Monday, September 23, 2013

Twill, Canvas, Cotton Duck. . . what's the difference?

Twill, Canvas, Cotton Duck???
When we make anything in our shop with a ribbon trim, I almost always recommend that the base fabric is Canvas. Because I am so specific about the base fabric I will work with, I always provide it and include it in the overall cost of the product. The ribbon designs just look better when sewn onto a fabric that is woven a certain direction.
Because I am so particular, I offer the base fabric and is always basic bright white. Occasionally I get a client that says they want to supply their own in a particular color and I say, "Sure. Is it Twill, Canvas or Cotton Duck?" And the response leads me to believe that I am reading something from someone who looks like this:
And then I never hear from them again. So here's the Basics, peeps. Premier Prints prints their fabric pattern on each of these types of fabrics. I will be showing you several similar designs so you can know to look at the descriptions of each fabric in the future to get the best result for the look you are trying to achieve.
Canvas is a firm, medium to heavy weight woven cotton. It is the heaviest of the cottons we are talking about today, and also the coarsest to the touch. Canvas used for home décor is more loosely woven than duck or twill. Canvas is classified in a number system based on its weight. 10 oz canvas, 9 oz canvas, etc.
Here is what the canvas weave looks like up close:
Description: 100% 7 ounce Cotton Slub, Medium Weight Canvas
Description: Description: 100% 7 ounce Cotton Slub, Medium Weight Canvas
The above prints are medium weights and printed on 7 oz cotton canvas. They will lie more stiffly and give a room a more formal feel. This is different form Duck or Twill which will not drape stiffly.
We will see now one of the things that makes Premier Prints a great option for a fabric supplier. You can get the same pattern on a variety of fabric types and pick the one that is appropriate to the feel you are trying to create.
Duck:Cotton Duck is a durable, closely woven  ribbed cotton fabric. It is similar to canvas, but lighter in weight and not as stiff. Duck is smoother to the touch than canvas. It does not feel textured.
Duck even looks softer just in this image than canvas.
Gotcha in True Turquoise and White
This fabric option from Premier Prints is also a 7 oz cotton, but it is more tightly woven and does not have the weighty weave that creates the slubby texture of the 7 oz canvas option.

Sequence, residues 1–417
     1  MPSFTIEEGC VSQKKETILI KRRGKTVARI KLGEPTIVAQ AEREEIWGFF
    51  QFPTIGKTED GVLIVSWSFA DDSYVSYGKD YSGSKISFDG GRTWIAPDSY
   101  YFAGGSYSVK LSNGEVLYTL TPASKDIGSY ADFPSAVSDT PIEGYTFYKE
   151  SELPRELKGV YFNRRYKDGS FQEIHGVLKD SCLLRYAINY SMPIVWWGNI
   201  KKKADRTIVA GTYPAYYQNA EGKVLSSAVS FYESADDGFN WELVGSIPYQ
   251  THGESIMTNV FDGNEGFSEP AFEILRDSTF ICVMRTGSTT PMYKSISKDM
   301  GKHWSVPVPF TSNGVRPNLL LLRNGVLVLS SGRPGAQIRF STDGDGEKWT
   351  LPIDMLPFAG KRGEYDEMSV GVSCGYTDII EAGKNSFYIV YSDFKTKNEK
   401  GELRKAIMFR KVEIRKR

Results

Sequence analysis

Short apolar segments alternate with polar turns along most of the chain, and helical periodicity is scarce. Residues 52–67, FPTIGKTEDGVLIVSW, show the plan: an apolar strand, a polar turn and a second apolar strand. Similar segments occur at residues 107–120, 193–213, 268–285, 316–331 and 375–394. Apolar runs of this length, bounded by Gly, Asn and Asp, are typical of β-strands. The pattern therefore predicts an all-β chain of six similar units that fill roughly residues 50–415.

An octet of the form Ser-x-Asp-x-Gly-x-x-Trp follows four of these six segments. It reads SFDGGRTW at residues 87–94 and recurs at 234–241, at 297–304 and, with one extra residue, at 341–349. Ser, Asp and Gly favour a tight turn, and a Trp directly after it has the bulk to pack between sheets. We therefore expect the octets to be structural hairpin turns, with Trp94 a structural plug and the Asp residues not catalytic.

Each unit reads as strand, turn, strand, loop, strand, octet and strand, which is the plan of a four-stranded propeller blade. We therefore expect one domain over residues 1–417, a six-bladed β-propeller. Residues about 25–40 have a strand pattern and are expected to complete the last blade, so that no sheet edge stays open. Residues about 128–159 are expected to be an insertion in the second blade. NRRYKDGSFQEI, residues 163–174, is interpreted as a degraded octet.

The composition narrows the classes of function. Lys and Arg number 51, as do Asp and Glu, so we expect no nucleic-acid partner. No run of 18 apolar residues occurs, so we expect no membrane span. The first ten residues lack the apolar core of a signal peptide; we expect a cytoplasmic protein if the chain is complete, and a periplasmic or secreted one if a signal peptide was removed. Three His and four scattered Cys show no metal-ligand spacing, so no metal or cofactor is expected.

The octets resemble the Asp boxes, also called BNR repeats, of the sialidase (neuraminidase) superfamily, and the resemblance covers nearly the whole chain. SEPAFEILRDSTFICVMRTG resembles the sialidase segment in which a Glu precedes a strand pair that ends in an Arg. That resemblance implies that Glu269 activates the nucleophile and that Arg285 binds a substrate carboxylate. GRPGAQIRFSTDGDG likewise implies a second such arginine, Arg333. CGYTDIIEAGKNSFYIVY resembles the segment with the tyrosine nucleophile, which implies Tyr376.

The basic 7 oz cotton is less expensive, it drapes more easily and lends a softer more casual feel to a room.
Twill is the lightest, softest and most pliable of all three cottons we have been talking about. The weave is typically done with one thread over one thread, as opposed to the above two options which are either two or over one or two over two. This is how it is so pliable and easy to work with.

For Twill, you will want to look specifically for the word "Twill" or "Cotton Twill" in the description. For example, here at Carousel Fabrics the description for this item says, "100% Cotton Twill."
Carousel Fabrics at create items specifically for use in baby nurseries. They only work with cotton twill fabrics as they are the softest option, easiest to clean and most durable for things like crib sheets or boppy covers where a little bit of give is a god thing.
Cotton twill drapes very nicely. Not only does it feel soft, but it looks soft and lends a relaxing tone and environment to a room.
For formal, go canvas. For Casual, go Duck. For relaxed and calming, go twill.
Melissa Recommends these accents:
Heavier canvas weights (formal):
Medium Weight Duck (Casual)
Lighter Weight Twill (Relaxed)


  1. Thank you. This really helped me

  2. Thank you for a simple explanation and great photos.

  3. Great post! This was a quick, clear refresher course in fabric construction for me.

  4. Melissa,
    great article, but can i add to your descriptions? The difference in the two 7 oz fabrics you speak about by Premiere are in fact the same construction and yarn size. Slub class fabrics are also referred to as AB grade fabrics because they have that real coarse natural canvas feel. It is in fact cheaper than A grade 7 oz cotton duck which has more even yarns than the slub/AB grade canvas. Usually in the yarn drawing process there is an extra step that the yarn goes through (for A grade) to draw out the yarns into longer more uniform fibers. When woven this leads the A grade fabric to be more even and smooth to the touch. The slub/AB grade fabric the yarns sometimes have uneven thickness (also called reediness pronounced ree-dee-ness) which gives it the rough look and feel and thus doesn't drape as well. The both 7 oz fabrics are a half basket weave which means there are 2 warp yarns up for every 1 fill yarn that travels under them.

    Hope this helps